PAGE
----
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Particle Detectors
Summer Student Lectures 2009
Werner Riegler, CERN,
History of Instrumentation ↔ History of Particle Physics
The �Real’ World of Particles
Interaction of Particles with Matter
Tracking Detectors, Calorimeters, Particle Identification
Detector Systems
W. Riegler/CERN
Lectures are based on:
C.W. Fabjan, Lectures on Particle Detectors
P. Galison, Image and Logic
C. Grupen, Particle Detectors
G. Lutz, Semiconductor Radiation Detectors
D. Green, The Physics of Particle Detectors
W. Blum, W. Riegler, L. Rolandi, Particle Detection with Drift Chambers
R. Wigmans, Calorimetry
C. Joram, Summer Student Lectures 2003
C.D’Ambrosio et al., Postgraduate Lectures 2004, CERN
O. Ullaland, Summer Student Lectures 2005
Particle Data Group Review Articles:
W. Riegler/CERN
History of Particle Physics
1895: X-rays, W.C. Röntgen
1896: Radioactivity, H. Becquerel
1899: Electron, J.J. Thomson
1911: Atomic Nucleus, E. Rutherford
1919: Atomic Transmutation, E. Rutherford
1920: Isotopes, E.W. Aston
1920-1930: Quantum Mechanics, Heisenberg, Schrödinger, Dirac
1932: Neutron, J. Chadwick
1932: Positron, C.D. Anderson
1937: Mesons, C.D. Anderson
1947: Muon, Pion, C. Powell
1947: Kaon, Rochester
1950: QED, Feynman, Schwinger, Tomonaga
1955: Antiproton, E. Segre
1956: Neutrino, Rheines
etc. etc. etc.
W. Riegler/CERN
History of Instrumentation
1906: Geiger Counter, H. Geiger, E. Rutherford
1910: Cloud Chamber, C.T.R. Wilson
1912: Tip Counter, H. Geiger
1928: Geiger-MГјller Counter, W. MГјller
1929: Coincidence Method, W. Bothe
1930: Emulsion, M. Blau
1940-1950: Scintillator, Photomultiplier
1952: Bubble Chamber, D. Glaser
1962: Spark Chamber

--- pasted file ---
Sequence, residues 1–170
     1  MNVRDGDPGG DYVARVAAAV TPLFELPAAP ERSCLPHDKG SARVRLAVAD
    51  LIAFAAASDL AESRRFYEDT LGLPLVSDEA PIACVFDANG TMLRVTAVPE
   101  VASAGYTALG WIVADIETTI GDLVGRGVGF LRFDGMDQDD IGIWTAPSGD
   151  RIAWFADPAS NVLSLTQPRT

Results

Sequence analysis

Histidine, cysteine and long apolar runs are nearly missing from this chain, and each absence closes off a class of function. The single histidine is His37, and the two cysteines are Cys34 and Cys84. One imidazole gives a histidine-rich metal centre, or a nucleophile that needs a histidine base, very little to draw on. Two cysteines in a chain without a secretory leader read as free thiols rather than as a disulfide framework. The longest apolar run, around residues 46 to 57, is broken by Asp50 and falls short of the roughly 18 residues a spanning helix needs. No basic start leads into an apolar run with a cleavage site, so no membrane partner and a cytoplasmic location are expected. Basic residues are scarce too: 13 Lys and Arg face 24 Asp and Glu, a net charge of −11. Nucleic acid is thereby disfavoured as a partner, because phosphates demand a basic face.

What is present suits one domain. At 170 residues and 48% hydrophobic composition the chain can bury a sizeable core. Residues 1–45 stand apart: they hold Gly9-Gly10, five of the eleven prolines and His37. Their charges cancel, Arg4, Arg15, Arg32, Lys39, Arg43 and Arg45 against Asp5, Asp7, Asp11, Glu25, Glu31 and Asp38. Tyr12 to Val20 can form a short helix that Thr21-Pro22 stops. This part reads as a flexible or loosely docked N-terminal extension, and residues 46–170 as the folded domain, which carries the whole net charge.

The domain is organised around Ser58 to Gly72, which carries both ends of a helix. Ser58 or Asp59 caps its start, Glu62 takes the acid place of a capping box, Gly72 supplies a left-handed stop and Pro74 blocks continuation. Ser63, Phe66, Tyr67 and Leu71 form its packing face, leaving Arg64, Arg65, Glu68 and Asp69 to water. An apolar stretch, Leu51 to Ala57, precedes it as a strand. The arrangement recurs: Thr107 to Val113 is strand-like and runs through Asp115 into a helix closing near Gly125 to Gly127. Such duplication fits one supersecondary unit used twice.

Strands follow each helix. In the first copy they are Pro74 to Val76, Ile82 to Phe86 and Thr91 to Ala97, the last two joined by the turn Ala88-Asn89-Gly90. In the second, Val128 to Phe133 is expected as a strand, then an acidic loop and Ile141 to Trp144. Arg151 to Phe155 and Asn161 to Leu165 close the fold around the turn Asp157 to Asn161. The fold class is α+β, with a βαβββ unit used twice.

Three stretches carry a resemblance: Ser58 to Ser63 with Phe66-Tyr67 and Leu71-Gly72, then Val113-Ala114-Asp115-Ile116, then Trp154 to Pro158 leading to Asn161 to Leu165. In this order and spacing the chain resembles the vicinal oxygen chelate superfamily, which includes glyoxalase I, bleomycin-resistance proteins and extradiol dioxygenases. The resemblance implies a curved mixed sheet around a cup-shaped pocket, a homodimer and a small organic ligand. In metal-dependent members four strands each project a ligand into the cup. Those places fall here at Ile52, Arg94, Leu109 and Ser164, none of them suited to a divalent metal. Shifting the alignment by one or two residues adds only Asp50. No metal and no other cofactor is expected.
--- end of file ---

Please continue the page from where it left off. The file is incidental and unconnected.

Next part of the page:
1968: Multi Wire Proportional Chamber, C. Charpak
Etc. etc. etc.
W. Riegler/CERN
Nobel Prices for Instrumentation
1927: C.T.R. Wilson, Cloud Chamber
1939: E. O. Lawrence, Cyclotron & Discoveries
1948: P.M.S. Blacket, Cloud Chamber & Discoveries
1950: C. Powell, Photographic Method & Discoveries
1954: Walter Bothe, Coincidence method & Discoveries
1960: Donald Glaser, Bubble Chamber
1968: L. Alvarez, Hydrogen Bubble Chamber & Discoveries
1992: Georges Charpak, Multi Wire Proportional Chamber
W. Riegler/CERN
History of Instrumentation
History of �Particle Detection’
Image Tradition: Cloud Chamber
Bubble Chamber
Logic Tradition: Scintillator
Geiger Counter
Tip Counter
Spark Counter
Peter Galison, Image and Logic
A Material Culture of Microphysics
W. Riegler/CERN
Electronics Image: Wire Chambers
Silicon Detectors
History of Instrumentation
Image Detectors
Bubble chamber photograph
W. Riegler/CERN
�Logic (electronics) Detectors ’
Early coincidence counting experiment
History of Instrumentation
Both traditions combine into the �Electronics Image’ during the 1970ies
Z-Event at UA1 / CERN
W. Riegler/CERN
W. Riegler/CERN
Cloud Chamber
John Aitken, *1839, Scotland:
Aitken was working on the meteorological question of
cloud formation. It became evident that cloud
droplets only form around condensation nuclei.
Aitken built the �Dust Chamber’ to do controlled
experiments on this topic. Saturated water vapor
is mixed with dust. Expansion of the volume leads to
super-saturation and condensation around the
dust particles, producing clouds.
Dust Chamber, Aitken 1888
W. Riegler/CERN
From steam nozzles it was known and speculated that
also electricity has a connection to cloud formation.
Cloud Chamber
Charles Thomson Rees Wilson, * 1869, Scotland:
Wilson was a meteorologist who was, among other
things, interested in cloud formation initiated by